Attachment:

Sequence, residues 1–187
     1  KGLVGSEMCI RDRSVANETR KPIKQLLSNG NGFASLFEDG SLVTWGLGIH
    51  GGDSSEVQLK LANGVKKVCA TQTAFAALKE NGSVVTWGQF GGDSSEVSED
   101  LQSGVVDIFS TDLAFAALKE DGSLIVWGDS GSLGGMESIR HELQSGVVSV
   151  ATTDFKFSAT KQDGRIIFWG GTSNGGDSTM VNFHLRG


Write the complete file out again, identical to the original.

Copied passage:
Sequence, residues 1–187
     1  KGLVGSEMCI RDRSVANETR KPIKQLLSNG NGFASLFEDG SLVTWGLGIH
    51  GGDSSEVQLK LANGVKKVCA TQTAFAALKE NGSVVTWGQF GGDSSEVSED
   101  LQSGVVDIFS TDLAFAALKE DGSLIVWGDS GSLGGMESIR HELQSGVVSV
   151  ATTDFKFSAT KQDGRIIFWG GTSNGGDSTM VNFHLRG